Illustrator John Eaves discusses the process of designing show elements through illustration in this 2002 interview.
Dozens of still images from the episodes of season four, and from behind the scenes.
Indiana Jones Preview Trailer
You'll be seeing this on several upcoming Paramount titles.
"Section 31 Files"
Those who are unfamiliar with the term "Section 31" will need to wait until the season 6 episode "Inquisition" to find out more. The "Section 31 Hidden Files" on the DS9 DVDs are simply little, easy to find "easter eggs." These short (2 - 5 minutes) featurettes bring us behind the scenes and inside the characters of DS9.
There are ten "Hidden Files" on disc 7.
Hidden File 01: Alexander Siddig discusses "The Quickening" in this 2002 interview
Hidden File 02: Armin Shimerman talks about the making of "Little Green Men."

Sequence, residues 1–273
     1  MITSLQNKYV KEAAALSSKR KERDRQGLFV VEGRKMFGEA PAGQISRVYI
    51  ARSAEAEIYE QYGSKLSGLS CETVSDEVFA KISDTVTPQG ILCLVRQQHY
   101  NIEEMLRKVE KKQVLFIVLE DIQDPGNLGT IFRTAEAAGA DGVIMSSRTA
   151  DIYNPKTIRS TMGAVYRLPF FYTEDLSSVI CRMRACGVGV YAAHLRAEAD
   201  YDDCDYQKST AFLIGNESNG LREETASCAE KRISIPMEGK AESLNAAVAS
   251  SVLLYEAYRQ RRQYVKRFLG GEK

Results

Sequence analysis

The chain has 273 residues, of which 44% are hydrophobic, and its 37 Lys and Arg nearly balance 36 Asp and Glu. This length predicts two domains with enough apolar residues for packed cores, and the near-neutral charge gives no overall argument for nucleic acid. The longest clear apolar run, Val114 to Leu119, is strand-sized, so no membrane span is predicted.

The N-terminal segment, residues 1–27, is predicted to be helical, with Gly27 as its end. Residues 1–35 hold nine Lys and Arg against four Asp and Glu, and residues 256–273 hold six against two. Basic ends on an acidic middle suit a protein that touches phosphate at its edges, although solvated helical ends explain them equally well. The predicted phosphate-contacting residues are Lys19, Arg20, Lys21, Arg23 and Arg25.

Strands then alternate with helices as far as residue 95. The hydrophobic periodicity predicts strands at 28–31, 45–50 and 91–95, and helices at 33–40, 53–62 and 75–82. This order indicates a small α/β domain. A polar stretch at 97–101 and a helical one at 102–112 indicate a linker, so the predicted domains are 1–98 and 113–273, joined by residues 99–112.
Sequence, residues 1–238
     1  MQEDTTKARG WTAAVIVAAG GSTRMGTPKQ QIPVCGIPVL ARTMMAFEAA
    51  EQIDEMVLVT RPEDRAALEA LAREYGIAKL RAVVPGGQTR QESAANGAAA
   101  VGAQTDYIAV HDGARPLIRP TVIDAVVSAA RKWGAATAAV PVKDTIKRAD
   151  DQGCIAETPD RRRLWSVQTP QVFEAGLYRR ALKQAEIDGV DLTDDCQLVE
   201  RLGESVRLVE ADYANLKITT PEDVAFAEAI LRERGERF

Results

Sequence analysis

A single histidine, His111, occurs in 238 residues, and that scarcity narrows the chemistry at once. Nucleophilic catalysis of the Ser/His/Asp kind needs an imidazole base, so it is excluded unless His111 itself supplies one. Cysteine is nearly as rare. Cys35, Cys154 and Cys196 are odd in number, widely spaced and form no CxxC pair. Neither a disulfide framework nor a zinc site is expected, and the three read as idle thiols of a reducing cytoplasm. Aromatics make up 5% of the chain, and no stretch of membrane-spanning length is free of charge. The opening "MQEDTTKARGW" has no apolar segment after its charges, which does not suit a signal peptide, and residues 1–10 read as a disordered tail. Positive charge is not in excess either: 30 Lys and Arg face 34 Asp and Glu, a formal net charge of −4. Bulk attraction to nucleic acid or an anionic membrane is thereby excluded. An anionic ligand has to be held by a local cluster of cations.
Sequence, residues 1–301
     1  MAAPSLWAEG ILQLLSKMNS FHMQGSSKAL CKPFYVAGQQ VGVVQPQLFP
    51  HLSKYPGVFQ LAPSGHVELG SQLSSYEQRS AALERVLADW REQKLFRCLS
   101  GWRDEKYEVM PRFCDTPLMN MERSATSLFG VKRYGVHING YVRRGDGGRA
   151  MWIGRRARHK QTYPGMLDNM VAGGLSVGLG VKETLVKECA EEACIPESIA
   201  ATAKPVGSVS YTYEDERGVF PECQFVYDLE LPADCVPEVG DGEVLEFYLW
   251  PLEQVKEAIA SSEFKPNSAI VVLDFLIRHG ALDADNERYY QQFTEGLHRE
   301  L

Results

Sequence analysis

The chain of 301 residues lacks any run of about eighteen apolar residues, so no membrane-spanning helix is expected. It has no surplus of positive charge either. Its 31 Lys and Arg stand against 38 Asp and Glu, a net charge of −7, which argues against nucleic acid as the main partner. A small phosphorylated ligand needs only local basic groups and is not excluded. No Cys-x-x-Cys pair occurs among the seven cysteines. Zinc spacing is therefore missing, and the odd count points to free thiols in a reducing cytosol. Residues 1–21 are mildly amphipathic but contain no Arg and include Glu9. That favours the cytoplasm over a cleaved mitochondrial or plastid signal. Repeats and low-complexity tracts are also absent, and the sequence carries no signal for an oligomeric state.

Hidden File 03: Nana Visitor talks about playing out of character in "Our Man Bashir."
Hidden File 04: Guest Susanna Thompson speaks of her role in "Rejoined."
Hidden File 05: Director David Livingston talks about the landmark episode "The Visitor."
Hidden File 06: Visual Effects Coordinator Gary Hutzel talks about raising the bar on TV visual effects.
Hidden File 07: Writer Ronald D. Moore talks about pushing the envelope in "Sons of Mogh."
Hidden File 08: Chase Masterson discusses her first day on the set as "Leeta" in this entertaining clip.
Hidden File 09: Michael Dorn discusses the Klingon episodes, like "The Sword of Kahless."